Tuesday, January 3, 2012

NJ - Assembly may take up N.J. standards for sex offender residency

Original Article

01/03/2012

By Phil Gregory

(Listen) Time is running out for the New Jersey Assembly to set statewide guidelines on where sex offenders can live.

The legislation would permit municipalities to enact an ordinance preventing convicted sex offenders from living within 500 feet of schools, playgrounds, and child-care centers.

Assemblywoman Pam Lampitt said Tuesday previous efforts by individual towns to set restrictions were declared unconstitutional.

"Many of our townships were setting the distance from a playground or child-care center to be 2,500 feet—in which case, in some of the municipalities, that would not allow anybody to live," she said.

The state Senate passed the bill in April.

Lampitt, who said the legislation would provide uniformity that could withstand challenges, said she hopes the Assembly will approve it at its final meeting of the current session Monday.

"We're instituting something that's constitutional. We're doing it in a way that can be cost effective for our municipalities and, most importantly, keeping our children safe," she said.
- Passing ex post facto laws, adding additional punishment onto people who have already been convicted and served their time, are unconstitutional, if the Constitution meant anything anymore, and, many studies have been published that shows residency laws do nothing to "protect" children.  If someone has the intent on harming a child, ex-sex offender or not, they will commit the crime, if that is their intent, so it "protects" nobody!


I am not a sex offender but I want to speak out without alienating my friends and family

Submitted to us via the "Contact Us" form, and posted with the author's permission.

01/03/2012

By Anonymous:
I am a bystander in this whole sex offender thing but I am an adult male (the person most typically falsely accused because people see every adult male as some sort of predictor to be) and with all this hysteria I am afraid that it will some day effect me or my family.

I want to speak out against this stuff because I believe it is WRONG to do this to people and that the laws are getting out of hand and are sweeping up innocent people left and right and not even trying to fix the real problems.

I however have a problem, most of my friends and family are very brainwashed and pro sex offender laws. I hope it is due to ignorance but I fear if I say anything I may end up without friends or family and maybe even accused of being a closet sex offender.

What can I do to help farther the cause and minimize my risk or is it even possible?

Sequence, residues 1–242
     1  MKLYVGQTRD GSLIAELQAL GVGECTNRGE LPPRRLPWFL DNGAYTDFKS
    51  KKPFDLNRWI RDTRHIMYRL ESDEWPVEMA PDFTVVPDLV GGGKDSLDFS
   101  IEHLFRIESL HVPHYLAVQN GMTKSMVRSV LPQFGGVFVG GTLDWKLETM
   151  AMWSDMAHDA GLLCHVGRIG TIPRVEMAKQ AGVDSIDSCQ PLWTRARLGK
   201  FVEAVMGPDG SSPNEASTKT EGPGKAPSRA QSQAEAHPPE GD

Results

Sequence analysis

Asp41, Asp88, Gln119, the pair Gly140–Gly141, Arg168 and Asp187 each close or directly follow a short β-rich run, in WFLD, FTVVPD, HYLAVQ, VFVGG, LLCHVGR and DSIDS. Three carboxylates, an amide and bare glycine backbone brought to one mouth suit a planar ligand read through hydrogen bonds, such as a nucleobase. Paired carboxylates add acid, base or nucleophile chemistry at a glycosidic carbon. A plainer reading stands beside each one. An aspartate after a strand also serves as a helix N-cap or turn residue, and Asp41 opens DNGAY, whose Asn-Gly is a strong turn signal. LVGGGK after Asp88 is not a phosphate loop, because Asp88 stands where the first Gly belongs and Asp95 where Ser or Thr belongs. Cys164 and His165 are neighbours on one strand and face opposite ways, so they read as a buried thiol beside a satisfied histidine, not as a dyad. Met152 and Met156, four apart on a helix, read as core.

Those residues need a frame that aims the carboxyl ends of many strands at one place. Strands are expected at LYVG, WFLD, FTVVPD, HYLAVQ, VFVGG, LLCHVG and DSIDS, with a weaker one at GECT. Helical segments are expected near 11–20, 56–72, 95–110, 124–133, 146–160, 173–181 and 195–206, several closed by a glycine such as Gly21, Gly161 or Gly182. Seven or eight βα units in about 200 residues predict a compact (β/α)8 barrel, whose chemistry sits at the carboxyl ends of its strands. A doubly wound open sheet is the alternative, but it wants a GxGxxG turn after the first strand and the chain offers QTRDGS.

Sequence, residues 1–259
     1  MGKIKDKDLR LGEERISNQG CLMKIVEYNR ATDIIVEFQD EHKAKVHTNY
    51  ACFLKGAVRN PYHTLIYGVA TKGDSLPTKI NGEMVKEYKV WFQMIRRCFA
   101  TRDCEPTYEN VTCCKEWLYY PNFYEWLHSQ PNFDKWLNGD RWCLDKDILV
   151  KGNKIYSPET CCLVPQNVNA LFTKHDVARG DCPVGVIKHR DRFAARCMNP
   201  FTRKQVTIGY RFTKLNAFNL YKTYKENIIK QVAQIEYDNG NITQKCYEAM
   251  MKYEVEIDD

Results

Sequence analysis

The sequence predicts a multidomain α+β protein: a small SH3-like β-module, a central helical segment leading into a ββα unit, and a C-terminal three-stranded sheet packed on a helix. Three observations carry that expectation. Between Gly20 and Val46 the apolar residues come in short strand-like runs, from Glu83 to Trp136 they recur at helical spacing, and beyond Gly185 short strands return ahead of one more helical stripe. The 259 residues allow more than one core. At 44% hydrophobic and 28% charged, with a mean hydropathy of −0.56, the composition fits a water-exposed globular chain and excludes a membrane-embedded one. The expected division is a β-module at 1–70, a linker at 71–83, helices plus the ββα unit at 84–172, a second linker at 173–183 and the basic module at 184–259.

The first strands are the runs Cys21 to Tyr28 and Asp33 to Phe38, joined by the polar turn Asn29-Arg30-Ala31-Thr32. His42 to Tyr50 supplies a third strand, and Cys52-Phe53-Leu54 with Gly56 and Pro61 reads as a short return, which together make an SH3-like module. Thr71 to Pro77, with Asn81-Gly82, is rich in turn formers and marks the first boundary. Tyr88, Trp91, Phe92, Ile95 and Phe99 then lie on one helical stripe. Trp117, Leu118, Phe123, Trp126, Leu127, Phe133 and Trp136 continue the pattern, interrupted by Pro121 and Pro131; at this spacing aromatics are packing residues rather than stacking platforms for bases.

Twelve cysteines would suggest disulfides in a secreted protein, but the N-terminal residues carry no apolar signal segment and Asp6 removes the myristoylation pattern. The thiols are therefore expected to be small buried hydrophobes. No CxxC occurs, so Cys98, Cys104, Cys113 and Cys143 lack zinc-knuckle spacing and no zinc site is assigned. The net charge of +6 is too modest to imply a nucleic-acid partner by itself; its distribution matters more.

WA - Sex Offender Supervision Super-Team

Original Article

They fail to mention, this is only for those on probation or parole.

01/02/2012

RICHLAND -- Corrections officers like Bryan Stading never go on sex offender visits alone. It used to be two D.O.C officers. Then police would be called in for extra help when needed. Now, they save time and money by carpooling. The move saved an entire corrections officer salary, at least $50,000 a year. Not only does combining the two agencies into one building save money, but it also makes for a sex offender supervision super team.

And Richland Officer Shepard explains,"They can go into the house and check for new violations."

But at Standing's point of view he says, "Having the police with me, allows us to hold them if we come across a new crime, he's able to arrest the offender."

The team makes its checks at all times of the day. Especially at night, when offenders are likely to break probation or even re-offend.
- So where are the facts to back up this nonsense?  I have NEVER read any study that says ex-sex offenders are more likely to re-offend at night, that is a load of BS!

"We can open up the fridge, if they have nothing to hide, they have nothing to hide. Their cell phones, we can look at those. Everything in their possession is subject to search," Stading says. For offenders, it's a form of therapy, which is another sector of the state that is facing budget issues.
- The fridge, really?  Do you think they are freezing a child or something?  A form of therapy?  Wow, you folks really know how to pile on the BS, don't you?

One offender tells KEPR, "That accountability works well for me. I need that to make sure I stay on the right track to continue to do the right thing."
- Just because one offender needs to be baby sat, doesn't mean all do.

"You need to stay far away from that kind of stuff," officer tells one of his offenders.

And he replies, "Chances are it's probably not going to happen for awhile."

A team turning those "probablys" into "never agains." "We've put a lot of bad guys in jail on these visits." The Department of Corrections, as well as local police departments, are preparing for even more budget cuts in 2012.